Lantern light streamed into the diner. Miss Birdwell was all alone in the main room, sitting at a table, proofreading the menus for tomorrow; grammar had never been Kronk's strong point. Laughed as she, red pencil in hand,crossed out the extra two "t"s in "spaghetti" he'd inadvertantly added.

Rhoda had gone home at Kronk's insistance, since apparently she was coming down with a cold. "Last thing we need is a board of health sign hanging on the door, after all," she had said, agreeing finally after Kronk practically carried her outside.

It was night shift, and, strangely enough, nobody had stopped in in 3 hours. Usually there was at least a crowd of midnight snackers craving bug guts or something equally revolting to her at the moment. Usually. She could say usually because it had been three- no, four months now, and her rhythms had bent to conform to Kronk's schedule. Four months! What a milestone! And already……

"Dear? Are you still out there?" His familiar grin stuck out a mile from the kitchen door.

"Yes, dear," she said. Looking up from her work, she sighed. "I should think you'd know how to spell "spinach" by now."

"You're kidding! You mean it really doesn't have an "x" in it?"

"Of course not, silly!" She sidled on up to him, her blue sun dress hugging her legs. "Besides, we all know why you make all these mistakes."

"Okay, I give up. Why?"
"Because you want me around you at all times."

"Well, it is nice to see your face often around here." He took off his oven mitts and placed his hands on each side of her waist. "The girls are always monopolizing you at the meetings."

"Is it a crime to teach needlepoint?" She laughed. "And like the boys aren't always asking you to show them how to wrestle like a jaguar!"

"Well, I have to admit, the Claw of Death is rather popular with our - ,uh, wee ones." He walked her over to the window. "What's the matter? Would you rather go home? Because I can call an escort – Kuzco's always got some sentries stationed out in the forest – I'm sure they wouldn't mind letting go of one for a little while-"

"No, it's perfectly fine with me. I am a little tired, though." She yawned like a bear roar.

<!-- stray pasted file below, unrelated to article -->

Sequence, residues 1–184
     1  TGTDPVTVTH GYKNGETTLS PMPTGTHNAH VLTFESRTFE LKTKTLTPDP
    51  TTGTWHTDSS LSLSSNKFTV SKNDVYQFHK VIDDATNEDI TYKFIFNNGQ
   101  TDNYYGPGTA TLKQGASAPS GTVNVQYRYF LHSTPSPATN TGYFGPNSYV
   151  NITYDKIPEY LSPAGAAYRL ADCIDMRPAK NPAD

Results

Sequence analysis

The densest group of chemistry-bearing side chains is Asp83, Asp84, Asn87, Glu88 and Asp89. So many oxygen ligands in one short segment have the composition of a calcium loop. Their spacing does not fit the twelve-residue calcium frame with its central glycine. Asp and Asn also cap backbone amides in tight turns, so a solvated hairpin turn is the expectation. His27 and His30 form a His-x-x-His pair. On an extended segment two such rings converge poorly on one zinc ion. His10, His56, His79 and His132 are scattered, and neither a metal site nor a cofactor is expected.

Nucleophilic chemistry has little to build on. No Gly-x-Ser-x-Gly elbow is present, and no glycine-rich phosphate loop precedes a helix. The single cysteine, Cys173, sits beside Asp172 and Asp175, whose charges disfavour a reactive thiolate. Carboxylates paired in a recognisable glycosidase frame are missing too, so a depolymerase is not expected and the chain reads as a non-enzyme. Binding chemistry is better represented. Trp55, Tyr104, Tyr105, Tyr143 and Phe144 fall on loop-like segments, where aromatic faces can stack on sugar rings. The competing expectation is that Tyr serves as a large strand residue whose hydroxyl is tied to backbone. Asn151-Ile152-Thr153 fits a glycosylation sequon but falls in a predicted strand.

"Goodness me!" They both started laughing.

"Seriously. I'm sure Papi would agree with me on this one. Do you want to go home?"

"No, it's okay." Just then, they heard llama footsteps.

"A customer! Finally!" Kronk shoved his mitts on his hands and ran out to the front door to see who it was. Miss B. sighed, then sat down. Removing something from the basket at the table, she started working on it.

A sleepy looking peasant stumbled in. He was very thin, and appeared stoop shouldered. Kronk stopped in his tracks, and Miss B could see that he was going from Hyper Cook Mode to Hospitable Kronk Mode.

"Hey, there, pal, what can I get ya?"

"Fish sandwich, and milk."

"Moo juice and shark bait, coming up!" He zipped through the doors.


20 minutes later, the peasant was gone. Miss B had nearly finished her task. They were coming along well.

Kronk's voice came from behind her."Whatcha doing?"

She jumped. "Don't do that, ever again!" At least not for a few months, anyway. "You scared me silly, do you know that?"

Kronk's face was full of remorse. "Sorry."

She eyed him.


"You've- you've never- you don't usually react like that. Or- or at least you didn't last time."

"Last time, I didn't have a reason to." She smoothed out the folds of her dress.


"So,……what are you doing?" He looked down at her hands, which were under the table. "Come on, you can tell me. Unless it's a secret."

"Maybe, it is-Ow!" She jumped up. On her seat, there lay the objects she had been trying to hide from him. Running off into the corner of the room, she started crying.

Kronk picked up the objects. A pile of golden yarn, a pair of knitting needles, and…two tiny mittens.

"Are these for me?" he asked. " Because I have to tell you, they aren't my size." He could only get his thumb into the hand part of the mitt.

"They might be." Miss B stood facing the wall, in a pout, arms crossed, tears streaming down her face.

"But,Miss Birdy-poo, this is good news. Why would you want to hide it from me? " He walked over and put his hands on her shoulders.

"I wanted to tell you another way. More,…special, I guess." She wiped her nose with her sleeve.

"It's good enough for me." Wrapping his arms around her shoulders, he wiped away her tears with the edge of his apron. They shared an embrace for what seemed like forever.

Kronk spoke up. "Are they oven mitts?"

"Perhaps." She smiled through her tears.

"You really want to start the kid off early, don't you?"

"It's never too early. Maybe I'll make him or her a "Junior-Chipmunk-to-be" shirt next."

Kronk left the embrace, and went behind the counter.He returned with a piece of paper and a pen. "You want to tell him, or should I?"

"He's your father-"

"Scratch that. Let's both tell him." Kronk ran over to a table, and Miss B followed. They sat down beside each other, Miss B, grinning, with her arms around Kronk, who began to write.

"Dear Papi,…….How would you like to be a grand-Papi?….."